Yes, forget about smelling musty in the morning, and waking up very early in the morning, because a trip to Tsukiji market is going to be one of the best sushi you will have.
I will never look at Tonkatsu the same way again.
Konnichiwa! Find out where people go to in this list of Top 10 Most Popular Japanese Restaurants in Manila.
No trip to Tokyo will be complete without stopping by one of Japan’s most well-known landmarks, Meiji Shrine.
Our food came incredibly late and my hunger eventually faded along with my appetite. Regardless this didn’t really prevent me from taking notice of how mediocre and flat their food was.
Following TAMPOPO as the 2nd Best Ramen in Singapore by HungryGoWhere, Hakata IPPUDO 博多一風堂 is a ramen chain that’s known worldwide, literally “blowing winds” and revolutionizing the Kyushu ramen industry. First founded in 1985 by Shigemi Kawahara in Fukuoka City, IPPUDO now has more than 60 ramen joints and branches in 10 cities over the world – Japan, Kuala Lumpur, New York City, Singapore, Hong Kong, Seoul, Taipei, Sydney, Shanghai, Guangzhou and Shenzhen.
Are you excited for Ippudo Manila?
I was extremely pleased at its kid-friendly environment. Kids can play with giant easels and alphabet mats for free while you dine inside the restaurant.
If you think the Tonkatsu war is saturated and done, and that ramen is taking over, you’ve got it wrong, dear readers. With 19 branches in Japan (including Tokyo, Osaka, Yokohama and Sendai), Culvercity, California, Sawtelle, Los Angeles, Waikiki Honolulu, Hawaii, and Seoul, South Korea, KIMUKATSU brings its unique 25 layered Mille-Feuille Tonkatsu here in Manila.
Coming from my more-than-memorable experience at Butao Ramen in Central, Hong Kong, I am excited to try out Ramen Nagi here in the Philippines, curious as ever if they will be able to replicate the very same ingredients – from the Kakuni to the Hakata noodles to its spicy miso fireball dropped on the Red King Ramen. Will they be able to match Butao Ramen’s unparalleled expertise in producing ramen? Will they be able to sustain the expectations of many ramen fanatics now that Ramen Nagi branches in Japan, Hong Kong, Taiwan and Indonesia has set its bar pretty high? And as usual, I went to Ramen Nagi to find out.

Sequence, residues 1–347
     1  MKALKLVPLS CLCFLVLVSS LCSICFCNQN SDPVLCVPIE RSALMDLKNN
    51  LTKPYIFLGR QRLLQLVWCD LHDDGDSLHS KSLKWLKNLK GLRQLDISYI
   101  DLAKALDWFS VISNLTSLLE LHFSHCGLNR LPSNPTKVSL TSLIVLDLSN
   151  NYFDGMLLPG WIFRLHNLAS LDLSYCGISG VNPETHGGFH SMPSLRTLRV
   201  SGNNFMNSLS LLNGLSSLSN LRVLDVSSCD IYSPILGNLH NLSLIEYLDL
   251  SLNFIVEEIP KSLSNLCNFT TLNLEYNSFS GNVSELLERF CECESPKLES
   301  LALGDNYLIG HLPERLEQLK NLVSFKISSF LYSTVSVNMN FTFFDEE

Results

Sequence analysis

Hanamaruken Ramen arrives in Manila to bring that fall-off-the-bones (if there was literally bones in that slab of pork rib!) slow-cooked pork rib that’s topped on Hanamaruken’s Hakata style noodles in Tonkotsu broth. If you are a ramen fan, you cannot miss Osaka’s pride.
For a P280 Tantanmen, RYU Ramen is certainly cheap for a ramen place. All of my friends and I ordered Tantanmen, since this is their most popular ramen, and it did not disappoint. I made mine extra spicy. (I like making things spicy because it adds to the excitement of eating it!)
Don’t confuse Curry Monster with Monster Curry in Singapore. Curry Monster is popular in Macau as a quick fix to your Tonkatsu cravings. If you know me, I’m never a fan of Tonkatsu set meals since they’re rather overpriced. It’s just full of unlimited cabbage that you can easily buy in a grocery!
Established in 2006 by Ramen Master Chef Ikuta Satoshi in Shibuya, Tokyo, Ramen Nagi has been hailed as Hong Kong’s best ramen and has won the Best Ramen Spot in two consecutive years (2011, 2012) at the National Ramen of the Year Competitions. Enjoy the Red King, Black King, Green King and the Original Butao Ramen only at Ramen Nagi.
This town certainly has Katsu fad. From Yabu to Saboten to Ginza Bairin, everyone is looking for that piece of breaded pork served with unlimited rice and cabbage. But if you’re on a tight budget, Crazy Katsu is the best alternative for you.